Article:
Evaluation of loop-mediated isothermal amplification for the rapid identification of bacteria and resistance determinants in positive blood cultures
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The use of molecular assays to rapidly identify pathogens and resistance genes directly from positive blood cultures (BCs) contribute to shortening the time required for the diagnosis of bloodstream infections. In this work, loop-mediated isothermal amplification (LAMP) assays have been examined for their potential use in BC diagnosis. Three different assays were applied. The commercially available eazyplex® MRSA test detects Staphylococcus aureus, S. epidermidis, mecA, and mecC. Two in-house assays [Gram-positive (GP) and Gram-negative (GN)] have been developed for the detection of streptococci, enterococci, vanA, vanB, Pseudomonas spp., Enterobacteriaceae, and the bla CTX-M family. A total of 370 positive BCs were analyzed. LAMP test results were obtained within 30 min, including sample preparation. Amplification was measured by real-time fluorescence detection. The threshold time for fluorescence intensity values ranged from 6.25 to 13.75 min. The specificity and sensitivity of the assays varied depending on the target. Overall, from 87.7% of BCs, true-positive results were obtained, compared to routine standard diagnosis. Twenty-one tests were true-negative because of the lack of an appropriate target (5.7%). The concordance of positive test results for resistance genes with subsequent antibiotic susceptibility testing was 100%. From 15 BC bottles with mixed cultures, eazyplex® assays produced correct results in 73% of the cases. This study shows that LAMP assays are fast and cost-saving tools for rapid BC testing in order to expedite the diagnostic report and improve the antibiotic stewardship for sepsis patients.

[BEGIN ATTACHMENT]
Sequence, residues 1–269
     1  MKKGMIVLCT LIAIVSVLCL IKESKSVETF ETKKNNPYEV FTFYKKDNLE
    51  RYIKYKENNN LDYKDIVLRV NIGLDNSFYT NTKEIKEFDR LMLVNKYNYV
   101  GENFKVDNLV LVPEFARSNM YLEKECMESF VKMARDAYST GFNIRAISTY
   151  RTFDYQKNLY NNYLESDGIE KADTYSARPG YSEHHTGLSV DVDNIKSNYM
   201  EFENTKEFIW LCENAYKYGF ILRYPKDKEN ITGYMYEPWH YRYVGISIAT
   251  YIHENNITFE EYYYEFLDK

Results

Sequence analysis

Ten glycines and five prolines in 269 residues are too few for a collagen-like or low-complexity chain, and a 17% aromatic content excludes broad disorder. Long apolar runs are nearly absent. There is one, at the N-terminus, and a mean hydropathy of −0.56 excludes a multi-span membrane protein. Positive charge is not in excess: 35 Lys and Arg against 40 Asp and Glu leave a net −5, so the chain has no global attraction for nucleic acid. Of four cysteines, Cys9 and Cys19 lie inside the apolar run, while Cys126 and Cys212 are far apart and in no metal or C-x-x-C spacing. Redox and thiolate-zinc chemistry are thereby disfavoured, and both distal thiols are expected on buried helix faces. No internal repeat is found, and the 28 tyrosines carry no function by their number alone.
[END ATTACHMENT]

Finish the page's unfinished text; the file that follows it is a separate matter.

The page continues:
KeywordsBlood Culture Antimicrobial Susceptibility Testing Cefpodoxime Lamp Assay Blood Culture Bottle
Compliance with ethical standards
The study protocol for the evaluation of LAMP eazyplex® assays for clinical BCs was reviewed and approved by the ethics committee of the Friedrich Schiller University of Jena (4400-04/15).
This study was supported by internal funding from the Jena University Hospital and by a grant from the German Federal Ministry of Education and Research (BMBF, 13N13890).
Conflict of interest
J. Rödel received financial support from Amplex BioSystems to attend the 67th Annual Meeting of the German Society for Hygiene and Microbiology in 2015. No funding was received from the manufacturer of eazyplex® tests for the purpose of the study.
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